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OpEdNews Op Eds    H3'ed 6/19/09

All A' Twitter About Nothing: Or why Rick Sanchez and CNN are a bunch of Twits.

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To listen to Rick Sanchez on CNN, you might get the impression that Twitter, CNN and Sanchez personally, have worked together to start a revolution in Iran. Sanchez constantly sites twitter and “social media” as driving the protest movement against the outcome of the Iranian elections. Although he presents no evidence of this other then traffic to CNN. Sanchez had been hyping twitter since it came out some months ago to a point that almost his whole show consists of asking questions and reading opinions and remarks “tweeted” back, all of course less than 140 characters. Sanchez and his colleagues promote this speeding up of communications as “progress”.

According to Sanchez and others on CNN they think this is the wave of the future, citizens reporting directly through news organizations. While there is a democratization of news and media going on because of technology, (one of the bears eating the newspaper monopoly world) it spans a vast network from cell phone pictures and video, blogging, email, texting and of course old fashion direct communication and its cousin the telephone. The downside is the endless expansion of unfiltered and unchecked sources used as news reaches a point where it is impossible to sort the facts out from the fakes, flakes and fluff, if only because of sheer volume.  It does however beat paying real reporters and cameramen.  

The whole brevity and speed with which it happens (instantly) reinforces the very worst in evaluating a situation, communicating any subtlety or nuance, and void of context, does not allow any judgment on the accuracy of the perception. First “tweeting” is only done by a very small, young, affluent, tech savvy part of any population. In a 2nd or 3rd world country that portion is even smaller. It doesn’t tell you the wisdom, intelligence, motive or bias of the sender. The 140 character limit doesn’t really encourage thoughtful insight or deep analysis of any subject, instead it substitutes first impressions and gut level reactions, many of which may be wrong, be based in inadequate background information or even purposely misleading. 

Review for authenticity can only be done remotely, CNN has already rejected video sent that was from years old demonstrations. Did they recognize them all? How much easier would it be to pass on propaganda than it has in the past? Most people were originally fooled by the toppling of Saddam Hussein’s statue in Baghdad, shown as a spontaneous reaction by the people of Baghdad to the American invasion. It was only admitted later, after exposure, that the camera shots were purposely tight to make a small group of exiles, flown back into the country by the U.S., look like part of a much bigger crowd. Meanwhile the real Iraqi’s were stocking up on guns and ammo. 

Sanchez raves about the management and organization of the revolutionary behavior in Iran he attributes to Twitter and social networking. While certainly important, it ignores all other forms of communication that are probably used, and maybe to a greater extent than twitting.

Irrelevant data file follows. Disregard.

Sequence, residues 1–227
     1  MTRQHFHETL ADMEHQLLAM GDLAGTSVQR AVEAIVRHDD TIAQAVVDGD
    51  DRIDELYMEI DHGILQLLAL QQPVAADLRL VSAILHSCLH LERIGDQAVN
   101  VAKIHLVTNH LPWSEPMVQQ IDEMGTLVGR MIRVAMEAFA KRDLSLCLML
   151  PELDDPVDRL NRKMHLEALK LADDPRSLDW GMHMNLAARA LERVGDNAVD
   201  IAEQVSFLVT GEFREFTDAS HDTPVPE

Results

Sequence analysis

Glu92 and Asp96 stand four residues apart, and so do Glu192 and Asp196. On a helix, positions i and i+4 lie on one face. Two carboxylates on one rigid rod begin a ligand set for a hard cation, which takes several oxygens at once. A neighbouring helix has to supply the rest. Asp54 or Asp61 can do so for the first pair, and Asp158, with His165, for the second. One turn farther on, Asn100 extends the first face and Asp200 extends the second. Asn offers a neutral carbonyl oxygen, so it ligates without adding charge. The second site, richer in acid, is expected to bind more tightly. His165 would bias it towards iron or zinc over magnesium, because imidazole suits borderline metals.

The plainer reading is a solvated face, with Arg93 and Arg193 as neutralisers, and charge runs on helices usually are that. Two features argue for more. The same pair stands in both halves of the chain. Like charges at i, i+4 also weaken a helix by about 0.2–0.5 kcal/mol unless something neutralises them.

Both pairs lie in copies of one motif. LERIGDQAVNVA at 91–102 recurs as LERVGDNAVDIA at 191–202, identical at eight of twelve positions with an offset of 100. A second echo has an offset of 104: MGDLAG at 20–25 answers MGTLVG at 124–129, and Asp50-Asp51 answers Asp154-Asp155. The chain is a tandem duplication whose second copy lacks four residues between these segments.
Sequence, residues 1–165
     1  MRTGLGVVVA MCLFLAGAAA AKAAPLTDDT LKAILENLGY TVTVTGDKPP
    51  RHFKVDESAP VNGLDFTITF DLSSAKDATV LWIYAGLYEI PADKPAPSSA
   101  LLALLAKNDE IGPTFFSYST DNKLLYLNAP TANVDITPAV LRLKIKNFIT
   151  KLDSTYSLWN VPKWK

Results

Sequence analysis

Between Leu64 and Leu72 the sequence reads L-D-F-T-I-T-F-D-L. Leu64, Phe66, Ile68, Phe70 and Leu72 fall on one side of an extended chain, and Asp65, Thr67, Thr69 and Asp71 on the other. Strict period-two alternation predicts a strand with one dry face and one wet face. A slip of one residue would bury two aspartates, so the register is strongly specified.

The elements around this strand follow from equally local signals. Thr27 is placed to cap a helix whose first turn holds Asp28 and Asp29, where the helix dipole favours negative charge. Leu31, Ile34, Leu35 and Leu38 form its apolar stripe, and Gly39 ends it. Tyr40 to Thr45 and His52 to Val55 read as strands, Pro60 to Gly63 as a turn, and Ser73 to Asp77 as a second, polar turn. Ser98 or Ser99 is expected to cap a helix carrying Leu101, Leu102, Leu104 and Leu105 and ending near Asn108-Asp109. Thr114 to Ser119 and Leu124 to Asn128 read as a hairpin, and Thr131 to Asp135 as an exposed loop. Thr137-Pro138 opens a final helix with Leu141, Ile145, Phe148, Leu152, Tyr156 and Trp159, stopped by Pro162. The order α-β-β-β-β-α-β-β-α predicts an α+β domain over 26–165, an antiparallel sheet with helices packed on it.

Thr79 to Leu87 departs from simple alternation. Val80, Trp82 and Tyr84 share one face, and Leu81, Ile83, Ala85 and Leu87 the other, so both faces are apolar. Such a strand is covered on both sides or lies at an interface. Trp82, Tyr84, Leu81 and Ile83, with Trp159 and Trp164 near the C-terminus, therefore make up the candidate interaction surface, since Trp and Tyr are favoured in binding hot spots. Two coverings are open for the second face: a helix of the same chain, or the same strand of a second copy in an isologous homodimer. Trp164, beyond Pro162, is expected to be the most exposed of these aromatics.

Flash mobs, giving organizational instructions to groups of people through mass texting of people who sign up on a website, through email blasts and website posting are all common forms of communication and organization. What is this big deal about 140 characters and I don’t have to wait an extra three seconds?  More disturbing, neither CNN nor anyone else has offered a breakdown on how communication is happening and to what extent tweeting and social networks are being used as an alternative to other forms of communication and organization. 

This desperation to fill twenty four hours of news every day, a reluctance to spend the time and money required for in-depth discovery and analysis, and the need to keep sponsors happy (Oil companies hate having pictures of oil soaked birds run right after their green kumbaya commercial) causes severe distortion of priorities. News is supposed to be an examination of the facts, an exploration of the situation and those involved, unfortunately it’s becoming like one continuous “reality show” being invented as fast as we can think it up and make it a crisis. 

The perfect example was on Thurs, June 19 when a pilot died of natural causes aboard a transatlantic commercial flight. In spite of the fact that there were two, (that’s right two) first officers on board completely trained, certified and capable of completing the flight and landing the plane, CNN felt it necessary to hype the danger and follow every minute of the plane’s flight until it landed. In a flashback to the old airplane movies and their spoofs’ the implication was that somehow this plane was in danger of crashing at any minute with only two totally perfectly qualified live pilots on board. It was if after the Captain died they held a lottery to see which luckless untrained passenger would try to land the plane. 

Corporate news has become a shameful spectacle of entertainment masquerading as real information. The failure of professional news organizations to maintain a better standard than what happens on the wide open digital range will be their own demise. Who will continue to pay to see them if the only content they provide is already free and you can avoid hearing Rick Sanchez get orgasmic over reading it. If this continues to be CNN and Sanchez’s view of what is news, I can only say that I look forward to the day that the tweets replace the Twits at CNN. 

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John Kelley is the Managing Editor of a monthly progressive newsmagazine, "We the People News", in Corpus Christi, Texas
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